Skip to content

Brendan Rodgers: Celtic manager says he is 'sad for society' after response to 'good girl' comment made at reporter

Brendan Rodgers said "good girl" to BBC reporter Jane Lewis at the end of an interview following Celtic's 3-1 win at Motherwell; Lewis said "I don't believe there was any offence meant... for my part, there was none taken"; campaigners at For Women Scotland accused him of "casual sexism"

Please use Chrome browser for a more accessible video player

Celtic manager Brendan Rodgers addresses criticism for saying "good girl" to a female journalist on Sunday

Celtic manager Brendan Rodgers has said he is "sad for society" that people want to "bring him down" after saying "good girl" to a female reporter at the end of an interview on Sunday.

Rodgers was accused of "casual sexism" by campaigners at For Women Scotland for directing the term at BBC Scotland reporter Jane Lewis after Sunday's dramatic 3-1 win over Motherwell. Lewis has since said she took no offence at the comments.

The campaigners called on Rodgers apologise - and the Celtic manager addressed the issue at the start of his press conference on Tuesday.

"I will address it because I've been aware of it. Sadly, for me, in society now, we are either looking to offend or find something that is offensive to try to pin onto people," he said.

"I think any journalist or reporter, or anyone in media, I've always based my life on relationships, I've always offered a warmth, respect, being courteous, and giving time to people, and that will never change.

"So obviously when there was that little bit that was out there, or big bit, however it was, then of course I feel the need to address that.

"Like I said, I deal with people in life, whether players - relationships with them and wanting to make them better - or people in the media. I've spoken to Jane and she wasn't offended. We had a laugh about it, she will continue to ask me awkward questions, I am sure. But I see her every week and we have good relations like I have with most people in my life, whether that's professional or social.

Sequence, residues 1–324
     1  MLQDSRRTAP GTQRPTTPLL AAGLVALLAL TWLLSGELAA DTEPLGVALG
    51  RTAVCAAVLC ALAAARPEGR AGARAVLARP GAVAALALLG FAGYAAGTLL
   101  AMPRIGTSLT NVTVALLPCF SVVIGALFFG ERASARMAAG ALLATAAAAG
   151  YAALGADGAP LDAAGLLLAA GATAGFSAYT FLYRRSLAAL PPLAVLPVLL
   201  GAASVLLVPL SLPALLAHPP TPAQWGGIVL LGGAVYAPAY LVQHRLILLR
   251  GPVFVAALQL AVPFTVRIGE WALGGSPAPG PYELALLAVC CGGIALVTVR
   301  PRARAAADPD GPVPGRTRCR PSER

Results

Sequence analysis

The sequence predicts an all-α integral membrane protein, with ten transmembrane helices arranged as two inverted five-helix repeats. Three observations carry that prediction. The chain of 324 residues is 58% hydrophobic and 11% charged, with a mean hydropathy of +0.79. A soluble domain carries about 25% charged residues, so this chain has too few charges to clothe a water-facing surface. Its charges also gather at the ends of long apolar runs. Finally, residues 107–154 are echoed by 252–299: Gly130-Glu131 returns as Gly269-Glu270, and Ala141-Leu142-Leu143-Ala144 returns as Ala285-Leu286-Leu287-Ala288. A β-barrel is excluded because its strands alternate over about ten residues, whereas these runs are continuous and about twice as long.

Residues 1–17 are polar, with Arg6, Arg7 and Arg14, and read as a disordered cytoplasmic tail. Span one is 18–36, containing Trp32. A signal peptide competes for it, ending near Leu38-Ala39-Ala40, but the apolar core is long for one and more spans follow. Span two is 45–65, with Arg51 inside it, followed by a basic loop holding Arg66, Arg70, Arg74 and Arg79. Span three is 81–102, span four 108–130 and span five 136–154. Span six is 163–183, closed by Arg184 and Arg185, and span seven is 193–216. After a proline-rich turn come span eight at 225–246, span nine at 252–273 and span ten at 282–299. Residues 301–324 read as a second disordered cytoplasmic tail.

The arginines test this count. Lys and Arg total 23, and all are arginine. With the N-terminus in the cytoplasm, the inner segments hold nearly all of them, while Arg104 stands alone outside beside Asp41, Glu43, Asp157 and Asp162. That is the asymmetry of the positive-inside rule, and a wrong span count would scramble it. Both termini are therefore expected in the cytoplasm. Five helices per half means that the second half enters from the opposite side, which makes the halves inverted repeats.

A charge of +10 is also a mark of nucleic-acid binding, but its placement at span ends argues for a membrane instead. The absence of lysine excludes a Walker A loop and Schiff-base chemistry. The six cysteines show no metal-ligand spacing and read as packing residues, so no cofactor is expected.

"And the irony of it is, I shared with players not so long ago the story of Jessica Watson, the young woman of 16 years of age who travelled around the world solo on a boat - the documentary I watched was really inspiring. True Spirit it was called. I actually shared it with the players in terms the inspiration they can take of a woman of that age, what she's been through and everything else.

"So I find it saddening as much as anything, because I'm not that type of person, I could never be that, it's not how I'm built.

"But I'm also sad for society now, because people are looking and trying to find ways to somehow bring you down if you can. And it's not nice."

Earlier on Tuesday, Lewis issued a brief statement regarding her interview with Rodgers, saying: "Clearly, the interview on Sunday has become a talking point. I don't believe there was any offence meant by Brendan Rodgers - and for my part, there was none taken."

What Rodgers said in the BBC interview

Reflecting on the Scottish Premiership title race after the weekend win at Motherwell, Rodgers told interviewer Lewis: "The story has already been written about this group, but we will write our own story."

Rodgers appeared unhappy with her questioning and said: "No, you know exactly what I mean."

When pushed again, Rodgers appeared to end the interview by adding "Done, good girl, well done."

Campaigners at For Women Scotland responded: "Rodgers owes the reporter an apology."

Around Sky